Chatbots have come a long way in the past few years. The improvements in technology have enabled developers to expand on bot capabilities far beyond just functioning as a FAQ. Today, the automation of chatbots can process orders, perform financial transactions, make bookings, and much more. (Check out other intelligent functions here.)
However, as intelligent as bots can be, no chatbot can handle and resolve all your customer queries. It simply cannot answer the infinite number of questions a human may throw at it. The technology is simply not there yet, and it may never truly get there. But perhaps more importantly, brands shouldn’t want a bot to manage every customer query.
A bot working independently of human involvement won’t always deliver the best results for customer or agent. It’s the combination of chatbots and human agents that takes customer service to new heights. What you need is a smart and efficient way of translating your organization’s unique customer service philosophy into appropriate action so that every question is met with an answer in the best way possible – whether that be by bot, human agent, or a blend of both.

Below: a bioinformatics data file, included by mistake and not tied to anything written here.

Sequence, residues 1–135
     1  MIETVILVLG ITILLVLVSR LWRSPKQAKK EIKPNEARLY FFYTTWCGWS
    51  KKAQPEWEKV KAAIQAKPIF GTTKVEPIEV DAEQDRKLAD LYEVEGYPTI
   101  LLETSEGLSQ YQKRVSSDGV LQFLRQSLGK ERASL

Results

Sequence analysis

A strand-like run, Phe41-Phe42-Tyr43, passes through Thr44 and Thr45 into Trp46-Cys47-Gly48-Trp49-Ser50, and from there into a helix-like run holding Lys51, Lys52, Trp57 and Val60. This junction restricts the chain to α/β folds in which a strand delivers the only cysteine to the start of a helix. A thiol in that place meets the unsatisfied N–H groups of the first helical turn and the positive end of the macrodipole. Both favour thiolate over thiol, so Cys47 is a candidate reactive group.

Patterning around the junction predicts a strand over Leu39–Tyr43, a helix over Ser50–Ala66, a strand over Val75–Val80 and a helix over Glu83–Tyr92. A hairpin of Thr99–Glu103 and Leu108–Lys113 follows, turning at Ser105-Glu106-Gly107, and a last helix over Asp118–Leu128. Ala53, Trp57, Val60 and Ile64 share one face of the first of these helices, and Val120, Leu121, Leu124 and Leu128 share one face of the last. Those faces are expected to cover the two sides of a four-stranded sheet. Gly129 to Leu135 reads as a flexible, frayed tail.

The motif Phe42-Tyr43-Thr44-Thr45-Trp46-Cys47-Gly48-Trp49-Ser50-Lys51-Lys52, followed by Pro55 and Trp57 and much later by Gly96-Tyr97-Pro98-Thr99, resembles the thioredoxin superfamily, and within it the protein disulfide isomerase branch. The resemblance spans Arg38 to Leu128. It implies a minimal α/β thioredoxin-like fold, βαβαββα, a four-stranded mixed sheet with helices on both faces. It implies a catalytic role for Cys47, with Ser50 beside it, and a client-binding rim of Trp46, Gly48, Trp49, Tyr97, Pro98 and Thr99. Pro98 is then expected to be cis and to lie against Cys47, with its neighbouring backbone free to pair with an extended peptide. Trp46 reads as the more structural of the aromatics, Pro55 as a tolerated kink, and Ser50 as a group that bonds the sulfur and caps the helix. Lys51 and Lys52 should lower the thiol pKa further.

To deliver this, you have to pay attention to the who, what, when, and where of customer engagement. You need to know who your highest-value customers are so you can always route them to a human agent, for example. You need to know what they need help with so a simple question can be managed by a bot. And the list goes on.
Here’s why humans need chatbots, and chatbots need humans – and how you can achieve this perfect balance to deliver support that will exceed customer expectations and generate substantial ROI.
Why humans need chatbots
There’s no doubt that supplementing customer-facing roles with automation can yield fantastic results. The launch of McDonald’s self-serve kiosks is a great example of this. By giving customers the option of ordering their meal through a kiosk, or through a cashier, McDonald’s demonstrates the success you can achieve by combining automation with human. Here are just some of the benefits it brought to the customer and employee experience: